“Yes, that’s what I mean. The good ones among us kill evil humans. That’s how we improve your world. But people don’t appreciate our efforts.”
His story gnawed at my stomach. “Killing is wrong. Why do you expect appreciation?” A cool breeze sent shivers from my head to my toes.
“You humans kill millions in useless wars. If the good members from my race could remove enough bad humans, the world would fight fewer wars. Eliminating a few thousand people might save millions of lives and needless suffering. What we do is beneficial. But so many destructive humans exist. We can’t force every one to the exit.”
His explanation shocked me into silence for many moments, upsetting me. I burst out, “How do you know who to kill? The courts or the police should decide that, not you or your kind.”
He answered, “We’re old souls, live long lives, and are wiser than your people. It’s easy to decide which ones we should take to the exit.” Several moments later an uneasy half-smile spread across his face. “You’re beginning to understand aren’t you?”
My voice trembled as I contemplated many people dying. “Your good ones kill people. So what do the evil ones do?”
“I live a lonely life. That’s why I enjoy sitting on a park bench, watching ducks, and unburdening myself to compassionate people like you. As for the others of my kind…” He struggled to speak and his voice wavered. “They’re vampires who murder weak and decent people.”
He paused again, gave me a sad smile and said, “They kill humans by extracting their blood and energy. That’s why they’ve earned a horrible reputation.”
Imagining a vampire sucking blood made me shake. “So, the good ones from your race kill people and the others are vampires. This is creepy.” I stood and backed away from this weird man telling myself to run. But I felt drawn to him even though his story chilled me on a warm summer day.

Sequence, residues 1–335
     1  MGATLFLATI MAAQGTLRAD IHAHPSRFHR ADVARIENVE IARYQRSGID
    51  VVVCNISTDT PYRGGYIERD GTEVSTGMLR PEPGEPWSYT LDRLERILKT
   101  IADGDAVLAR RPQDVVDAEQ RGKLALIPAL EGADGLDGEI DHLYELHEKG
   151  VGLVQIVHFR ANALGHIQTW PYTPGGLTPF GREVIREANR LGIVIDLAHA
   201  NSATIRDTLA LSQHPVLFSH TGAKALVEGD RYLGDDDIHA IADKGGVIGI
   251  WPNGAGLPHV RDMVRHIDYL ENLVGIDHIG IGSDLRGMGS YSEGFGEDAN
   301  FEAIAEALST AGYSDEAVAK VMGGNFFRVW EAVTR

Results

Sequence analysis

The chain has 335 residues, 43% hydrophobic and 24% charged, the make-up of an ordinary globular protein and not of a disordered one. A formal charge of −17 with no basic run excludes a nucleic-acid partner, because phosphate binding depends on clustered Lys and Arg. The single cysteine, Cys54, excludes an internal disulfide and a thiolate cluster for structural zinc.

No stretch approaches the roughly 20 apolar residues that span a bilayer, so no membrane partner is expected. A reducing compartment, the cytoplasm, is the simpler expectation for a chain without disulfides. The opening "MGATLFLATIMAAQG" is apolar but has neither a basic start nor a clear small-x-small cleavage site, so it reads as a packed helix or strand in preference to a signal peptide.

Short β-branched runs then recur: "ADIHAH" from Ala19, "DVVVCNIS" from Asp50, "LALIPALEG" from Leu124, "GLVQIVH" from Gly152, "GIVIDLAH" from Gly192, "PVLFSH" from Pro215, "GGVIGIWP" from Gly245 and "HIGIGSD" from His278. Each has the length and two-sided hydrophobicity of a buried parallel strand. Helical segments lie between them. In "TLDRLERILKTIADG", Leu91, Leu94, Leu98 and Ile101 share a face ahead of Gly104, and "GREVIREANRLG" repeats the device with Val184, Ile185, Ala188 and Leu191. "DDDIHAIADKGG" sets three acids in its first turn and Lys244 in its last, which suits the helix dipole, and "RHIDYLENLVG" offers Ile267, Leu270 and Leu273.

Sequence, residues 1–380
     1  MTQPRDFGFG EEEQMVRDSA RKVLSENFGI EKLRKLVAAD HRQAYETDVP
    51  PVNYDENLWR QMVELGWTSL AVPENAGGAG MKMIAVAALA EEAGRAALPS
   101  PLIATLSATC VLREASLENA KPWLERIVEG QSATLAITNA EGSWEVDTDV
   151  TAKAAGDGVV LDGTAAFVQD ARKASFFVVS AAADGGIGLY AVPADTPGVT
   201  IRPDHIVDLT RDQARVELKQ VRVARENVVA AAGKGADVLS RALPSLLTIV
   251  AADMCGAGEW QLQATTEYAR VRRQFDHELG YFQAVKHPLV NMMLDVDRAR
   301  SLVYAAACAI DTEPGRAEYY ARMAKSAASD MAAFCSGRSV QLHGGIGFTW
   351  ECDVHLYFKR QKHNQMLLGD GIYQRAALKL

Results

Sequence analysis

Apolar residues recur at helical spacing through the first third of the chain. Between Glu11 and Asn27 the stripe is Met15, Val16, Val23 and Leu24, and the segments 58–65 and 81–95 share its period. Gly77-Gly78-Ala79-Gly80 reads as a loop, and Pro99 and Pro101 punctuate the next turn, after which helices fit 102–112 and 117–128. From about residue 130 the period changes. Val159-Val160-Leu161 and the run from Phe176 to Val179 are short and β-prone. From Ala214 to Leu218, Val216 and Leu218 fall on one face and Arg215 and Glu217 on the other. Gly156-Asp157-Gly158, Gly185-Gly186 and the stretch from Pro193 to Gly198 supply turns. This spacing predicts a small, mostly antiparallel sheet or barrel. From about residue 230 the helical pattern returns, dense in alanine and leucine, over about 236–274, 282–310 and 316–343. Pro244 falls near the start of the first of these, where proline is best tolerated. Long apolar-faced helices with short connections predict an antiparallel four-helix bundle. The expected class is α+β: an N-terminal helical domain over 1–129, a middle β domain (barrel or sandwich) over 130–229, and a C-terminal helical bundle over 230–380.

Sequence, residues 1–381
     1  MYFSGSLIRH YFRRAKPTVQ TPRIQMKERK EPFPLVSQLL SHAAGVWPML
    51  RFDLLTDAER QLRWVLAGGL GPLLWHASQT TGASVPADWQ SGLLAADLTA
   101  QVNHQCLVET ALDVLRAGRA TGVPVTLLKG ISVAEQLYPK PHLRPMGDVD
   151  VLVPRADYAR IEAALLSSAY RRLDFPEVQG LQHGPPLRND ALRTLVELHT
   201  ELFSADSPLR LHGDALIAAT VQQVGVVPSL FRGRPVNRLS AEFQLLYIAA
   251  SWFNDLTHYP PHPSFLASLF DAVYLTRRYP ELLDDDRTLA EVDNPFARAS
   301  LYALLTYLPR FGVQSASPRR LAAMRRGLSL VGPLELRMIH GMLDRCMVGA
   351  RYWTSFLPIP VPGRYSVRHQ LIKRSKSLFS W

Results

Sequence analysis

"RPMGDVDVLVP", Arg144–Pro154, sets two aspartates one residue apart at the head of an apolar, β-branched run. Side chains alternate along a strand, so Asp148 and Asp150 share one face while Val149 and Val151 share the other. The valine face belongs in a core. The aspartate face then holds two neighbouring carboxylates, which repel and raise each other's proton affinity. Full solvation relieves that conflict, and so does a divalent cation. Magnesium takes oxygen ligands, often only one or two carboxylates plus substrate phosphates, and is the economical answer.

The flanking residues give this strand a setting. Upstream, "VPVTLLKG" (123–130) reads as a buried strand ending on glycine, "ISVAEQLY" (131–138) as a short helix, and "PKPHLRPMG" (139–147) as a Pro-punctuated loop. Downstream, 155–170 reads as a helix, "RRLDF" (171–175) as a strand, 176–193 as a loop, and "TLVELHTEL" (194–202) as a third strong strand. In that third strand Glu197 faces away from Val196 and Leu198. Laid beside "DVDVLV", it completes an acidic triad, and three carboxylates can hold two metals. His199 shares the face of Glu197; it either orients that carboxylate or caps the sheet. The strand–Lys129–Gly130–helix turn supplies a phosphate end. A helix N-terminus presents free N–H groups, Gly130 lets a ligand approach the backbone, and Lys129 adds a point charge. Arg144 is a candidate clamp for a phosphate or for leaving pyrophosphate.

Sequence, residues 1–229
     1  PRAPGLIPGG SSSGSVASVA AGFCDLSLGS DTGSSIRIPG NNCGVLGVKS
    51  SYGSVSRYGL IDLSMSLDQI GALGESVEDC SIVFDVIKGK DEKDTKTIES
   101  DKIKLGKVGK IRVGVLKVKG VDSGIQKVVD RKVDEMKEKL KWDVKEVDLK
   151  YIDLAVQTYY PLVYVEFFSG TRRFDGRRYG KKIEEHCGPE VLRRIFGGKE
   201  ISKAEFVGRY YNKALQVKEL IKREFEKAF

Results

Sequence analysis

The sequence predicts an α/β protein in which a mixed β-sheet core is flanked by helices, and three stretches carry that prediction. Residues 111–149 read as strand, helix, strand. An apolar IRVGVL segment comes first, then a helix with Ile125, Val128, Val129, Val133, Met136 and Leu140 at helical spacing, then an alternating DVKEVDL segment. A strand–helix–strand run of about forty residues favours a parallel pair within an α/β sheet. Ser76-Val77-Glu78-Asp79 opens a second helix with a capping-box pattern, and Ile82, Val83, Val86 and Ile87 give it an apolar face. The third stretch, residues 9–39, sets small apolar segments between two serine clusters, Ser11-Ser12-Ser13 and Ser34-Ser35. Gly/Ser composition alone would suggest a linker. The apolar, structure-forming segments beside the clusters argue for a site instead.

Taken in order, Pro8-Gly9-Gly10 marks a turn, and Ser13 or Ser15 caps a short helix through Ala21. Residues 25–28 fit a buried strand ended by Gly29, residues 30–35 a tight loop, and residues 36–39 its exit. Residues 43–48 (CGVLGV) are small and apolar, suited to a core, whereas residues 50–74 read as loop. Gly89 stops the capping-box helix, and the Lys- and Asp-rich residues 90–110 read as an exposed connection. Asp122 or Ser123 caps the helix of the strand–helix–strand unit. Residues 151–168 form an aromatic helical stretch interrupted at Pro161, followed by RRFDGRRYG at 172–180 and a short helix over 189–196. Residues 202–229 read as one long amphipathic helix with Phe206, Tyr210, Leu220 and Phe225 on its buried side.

He said, “You see why I’m sad. Humans don’t understand the good members of our race, like me. People hate the evil ones who prey upon humans. I’m also a vampire, but a beneficial one.”
My heart pounded with fear. He didn’t act threatening, but how can a vampire not be dangerous? I told him, “I have to go. Goodbye.” After a few steps I turned to see if he followed me or was preparing to attack.
The sun reappeared from behind clouds and warmed my skin.
He called after me from the park bench, “Because you’re a good person and kind, I’ll protect you.”
That conversation with George occurred when I was fifteen. I’m now sixty and have five grandchildren. On three occasions in the past thirty years I should have died. Armed thieves broke into my house, shot at me and missed. A truck ran a red light and crushed my tiny car, but I walked away without a scratch. A few years later I jumped between my youngest child and a drug-crazed maniac attacking him with a knife. Something saved my life every time.
Late at night I often remember George, the good vampire, sitting on the park bench. I thank him for protecting me.